Breaking Free from Anxiety by Roxane Laurin MFT

Breaking Free from Anxiety: Five Quick Ways!

Anxiety Webster’s Dictionary describes anxiety as a state full of mental distress because of danger or misfortune. We know it as that overwhelming voice in our heads that makes us feel weak, worthless, guilty, afraid, stupid,   panicky and sick. It stifles our voice and crushes our creativity.  Here are a few steps for breaking free from anxiety.

  1. Relax your body: Take a slow breath through your nose. Hold it for half a minute. Breathe out slowly from your mouth. Do this three or more times to calm yourself and be able to think more clearly. Repeat this exercise several times a day if you struggle with anxiety often.
  2. Physical Exercise: Stop your moody rumination and take a walk around the block, work out with an exercise CD or take out children to the park and have a relay race!
  3. Fight back! Don’t let yourself believe those lies about yourself! Make a list of five things that you do well.
  4. Call a good friend for encouragement.
  5. Do something creative! Make yourself do a creative activity that your enjoy, such as singing, playing a musical instrument, drawing, making a craft, cooking something delicious, playing with your children’s play dough, etc

You may have other ways of breaking free from anxiety. Choose something that will change your thinking and make you feel good about yourself. I have struggled with anxiety and understand the feeling of being trapped in its net! I enjoy helping people that feel overwhelmed by it. Roxane Laurin contact me at 310-971-6385

Four Steps for Better Communication with your Teen by Roxane Laurin, MFT

 

In today’s busy culture, the teenage years can be so full of changes and challenges that parents feel they are constantly struggling with their teens. All families need a household climate that is peaceful and not constantly struggling with angry outbursts and arguments. Having a peaceful home is the responsibility of both parents.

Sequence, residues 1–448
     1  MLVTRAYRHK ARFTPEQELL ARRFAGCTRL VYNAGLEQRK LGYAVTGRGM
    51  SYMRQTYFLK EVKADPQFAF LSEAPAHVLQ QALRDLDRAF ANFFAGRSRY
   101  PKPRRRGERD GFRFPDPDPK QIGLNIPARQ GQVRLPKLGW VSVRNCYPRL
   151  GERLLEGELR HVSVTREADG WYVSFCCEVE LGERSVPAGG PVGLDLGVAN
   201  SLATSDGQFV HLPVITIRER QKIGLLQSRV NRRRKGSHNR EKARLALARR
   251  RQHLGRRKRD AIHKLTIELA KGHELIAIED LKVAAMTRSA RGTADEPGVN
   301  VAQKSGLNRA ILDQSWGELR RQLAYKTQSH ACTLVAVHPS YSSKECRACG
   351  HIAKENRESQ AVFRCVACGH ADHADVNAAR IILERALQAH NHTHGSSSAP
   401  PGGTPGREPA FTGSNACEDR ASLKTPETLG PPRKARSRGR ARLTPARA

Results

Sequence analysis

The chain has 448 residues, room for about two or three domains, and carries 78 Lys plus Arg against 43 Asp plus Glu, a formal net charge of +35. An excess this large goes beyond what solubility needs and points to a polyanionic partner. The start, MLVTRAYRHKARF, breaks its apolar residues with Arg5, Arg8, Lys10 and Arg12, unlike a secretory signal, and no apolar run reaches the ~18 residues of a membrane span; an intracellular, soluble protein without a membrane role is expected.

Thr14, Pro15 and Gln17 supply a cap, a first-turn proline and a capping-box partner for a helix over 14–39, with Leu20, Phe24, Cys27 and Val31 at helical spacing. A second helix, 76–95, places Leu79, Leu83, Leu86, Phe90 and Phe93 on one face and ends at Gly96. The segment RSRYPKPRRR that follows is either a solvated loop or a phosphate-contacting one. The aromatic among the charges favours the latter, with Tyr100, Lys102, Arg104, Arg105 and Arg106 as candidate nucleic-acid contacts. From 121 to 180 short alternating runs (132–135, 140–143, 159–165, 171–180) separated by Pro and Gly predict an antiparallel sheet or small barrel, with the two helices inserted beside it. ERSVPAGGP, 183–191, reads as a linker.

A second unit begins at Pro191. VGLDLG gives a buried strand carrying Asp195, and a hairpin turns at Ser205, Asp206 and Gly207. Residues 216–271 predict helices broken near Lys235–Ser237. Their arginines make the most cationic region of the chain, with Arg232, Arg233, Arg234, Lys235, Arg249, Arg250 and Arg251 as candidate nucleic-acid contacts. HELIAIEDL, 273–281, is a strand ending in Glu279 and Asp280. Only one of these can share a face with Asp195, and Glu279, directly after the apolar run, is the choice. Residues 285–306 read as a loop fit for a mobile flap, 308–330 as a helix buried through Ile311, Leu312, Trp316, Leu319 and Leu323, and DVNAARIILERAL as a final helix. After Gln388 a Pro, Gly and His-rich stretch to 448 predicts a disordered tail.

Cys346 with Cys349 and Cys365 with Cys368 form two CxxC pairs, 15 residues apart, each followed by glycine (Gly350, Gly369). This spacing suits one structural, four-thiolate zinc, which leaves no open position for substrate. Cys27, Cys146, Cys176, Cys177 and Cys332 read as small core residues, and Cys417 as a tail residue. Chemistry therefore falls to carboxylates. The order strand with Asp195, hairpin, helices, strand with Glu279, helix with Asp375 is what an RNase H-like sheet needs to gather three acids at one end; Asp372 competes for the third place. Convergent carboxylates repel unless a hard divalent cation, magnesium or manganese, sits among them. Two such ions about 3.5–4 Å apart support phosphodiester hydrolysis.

In today’s busy culture, the teenage years can be so full of changes and challenges that parents feel they are constantly struggling with their teens. All families need a household climate that is peaceful and not constantly struggling with angry outbursts and arguments. Having a peaceful home is the responsibility of both parents and teens. As parents, however, we must take the lead. Here are some techniques that can help:

  1. Make sure that you and your spouse have a stable and cooperative relationship. Make sure that you and your spouse are on the same page as far as rules for your teen.  If you disagree with your spouse discuss this privately between yourselves. It is very important to avoid your teenager from getting involved in private disagreements between you and your spouse. Get counseling help for you and your spouse if this has been a frequent issue.

 

  1. Be a model for your teen. Speak respectfully to your teen and do not allow your teen to be disrespectful. Refuse to engage in angry arguments. Do not make fun of her, or make rude or disparaging remarks to her.

 

  1. If you teen talks to you in a rude manner, stop the discussion. Tell him, “I need you to stop the screaming, rude words, etc. Because I am your mother (father) and I love you, we need to discuss this in a calmer manner.  Let’s take some time to cool down.  I’m setting a timer and we can discuss this in after dinner, or tomorrow afternoon at 4:00, etc. (It is important to keep to your promise and have the discussion at the time you promised. However, if either you or are not calm enough to restart the discussion, you can postpone it for a few hours.

 

  1. Be patience! Be patient with yourself and your teen.  It screaming or rudeness has been a habit in your family; it will take some time to develop respectful communication skills. It is best for the parent to take the lead in apologizing for screaming or being rude to your teen.

 

Your teen is slowly changing to an adult and needs to gradually take on adult responsibility. Also, treating others with respect is necessary skill for success in the adult world that she will be entering.  Remember that as parents you have the strongest influence on your teens and their behavior.